Ethics Alarms is proud to present as Extradimensional Cephalopod‘s. Comment of the Day to the post, The Quest For The Perfect IIPTDXTTNMIAFB Continues, And Joe May Have Given Us A Winner!
I am always thrilled to have a lot of comment to one of my posts, but there is a definite downside to that: once the number gets much beyond 20, the chances of a comment being read diminishes sharply. The following superb entry on the subject of the relationship between values and bias, in the context of comparing the relative character traits of the current President and the previous one, is as though-provoking and worth reading as anything I have ever written here, and false modesty is not in my tool box.
Identifying our values takes place in a vacuum. Ideas first. Judging people comes later, if necessary. All of us here seem to agree that Trump and Biden are pretty bad people, but we’re arguing about what ways they’re bad, and which one is worse? And moreover, we’re judging each other based on differences of interpretation and risk tolerance which we’re treating as objective fact? We can do better than that.
(I’m not a postmodernist; I do believe we can arrive at judgments we all agree on. It’s just that this isn’t the way to do it.)
Trump and Biden represent different collections of risks. Which one we think is the lesser of two evils depends on what risks we think we and the rest of the world are prepared to deal with. The risks we’re comfortable dealing with depend in turn on our experiences and skills, and how we have come to think of society in general. It’s entirely possible that somebody’s risk assessment is more accurate than someone else’s, or they could be equally good or bad.
However, when we need to hash out a choice between two bad options, we’d better bring to the table some plans for how we’re going to handle the consequences of the option we want to pick. That’ll go a long way towards getting people on board.
(I elaborate on this approach in this article: https://ginnungagapfoundation.wordpress.com/2021/10/19/the-inevitable-trolley-problem-article-or-setting-a-better-precedent/. “Real life isn’t like the trolley problem, but people keep treating it as though it is.”)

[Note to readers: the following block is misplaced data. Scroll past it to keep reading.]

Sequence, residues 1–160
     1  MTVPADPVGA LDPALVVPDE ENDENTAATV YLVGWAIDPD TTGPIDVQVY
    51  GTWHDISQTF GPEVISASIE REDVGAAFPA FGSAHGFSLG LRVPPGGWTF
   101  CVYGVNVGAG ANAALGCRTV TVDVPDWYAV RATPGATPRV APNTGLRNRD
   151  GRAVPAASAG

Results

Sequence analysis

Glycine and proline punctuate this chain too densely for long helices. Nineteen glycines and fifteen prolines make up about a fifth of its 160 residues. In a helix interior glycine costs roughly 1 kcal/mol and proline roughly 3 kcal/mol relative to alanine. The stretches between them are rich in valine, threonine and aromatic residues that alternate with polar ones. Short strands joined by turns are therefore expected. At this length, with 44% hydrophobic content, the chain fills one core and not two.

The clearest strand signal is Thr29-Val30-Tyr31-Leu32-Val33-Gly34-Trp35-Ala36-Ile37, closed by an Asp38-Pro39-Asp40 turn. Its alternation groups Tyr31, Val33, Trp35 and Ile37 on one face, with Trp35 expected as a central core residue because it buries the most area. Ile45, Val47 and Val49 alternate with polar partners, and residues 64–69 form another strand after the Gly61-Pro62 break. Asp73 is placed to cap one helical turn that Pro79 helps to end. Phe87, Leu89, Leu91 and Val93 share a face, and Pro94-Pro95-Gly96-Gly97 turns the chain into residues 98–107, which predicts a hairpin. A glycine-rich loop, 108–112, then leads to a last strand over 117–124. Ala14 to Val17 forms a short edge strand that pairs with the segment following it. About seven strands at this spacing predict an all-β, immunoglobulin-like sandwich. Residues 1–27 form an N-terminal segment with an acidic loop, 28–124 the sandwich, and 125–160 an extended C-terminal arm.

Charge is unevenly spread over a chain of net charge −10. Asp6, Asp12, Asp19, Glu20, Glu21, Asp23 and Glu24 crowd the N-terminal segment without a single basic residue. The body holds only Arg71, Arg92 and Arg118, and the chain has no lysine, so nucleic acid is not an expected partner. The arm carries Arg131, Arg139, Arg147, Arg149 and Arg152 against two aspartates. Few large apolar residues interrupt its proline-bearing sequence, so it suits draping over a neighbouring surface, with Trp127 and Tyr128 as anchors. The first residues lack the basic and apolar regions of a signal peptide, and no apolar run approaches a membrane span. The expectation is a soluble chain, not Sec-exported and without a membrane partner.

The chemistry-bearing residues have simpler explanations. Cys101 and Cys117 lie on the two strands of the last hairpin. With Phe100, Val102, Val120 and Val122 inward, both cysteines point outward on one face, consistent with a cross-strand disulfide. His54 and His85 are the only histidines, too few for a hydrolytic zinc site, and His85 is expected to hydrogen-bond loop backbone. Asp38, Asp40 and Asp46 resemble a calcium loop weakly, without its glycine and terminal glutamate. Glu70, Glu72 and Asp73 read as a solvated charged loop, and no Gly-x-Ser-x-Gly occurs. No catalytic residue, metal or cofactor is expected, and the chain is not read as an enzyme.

After all, figuring out whether Biden or Trump is worse isn’t really the problem we’re trying to solve here. That’s just what the leaders of the Republicans and Democrats want: to divide sensible people so much over a choice between two bad options that nobody has any room to think about how to avoid getting in this situation again. Nobody’s asking “who do we really want on those ballots, and what will it take to get them there?” Everyone’s trying to get their chosen fool elected because they’re more afraid of the other fool.
Worse, nobody’s asking the question, “How do we make the world a better place without any help from our incompetent elected officials?” If we don’t like the way the government uses the power it derives from us, the people, why not use some of that power ourselves?
There’s a couple relevant books I should recommend here: You’re More Powerful than You Think: A Citizen’s Guide to Making Change Happen by Eric Liu and The Leaderless Revolution: How Ordinary People Will Take Power and Change Politics in the 21st Century by Carne Ross.
Why minimize the flaws of our own preferred option while emphasizing those of the other option, when we could set things up so those options lose their power to force us to either of them?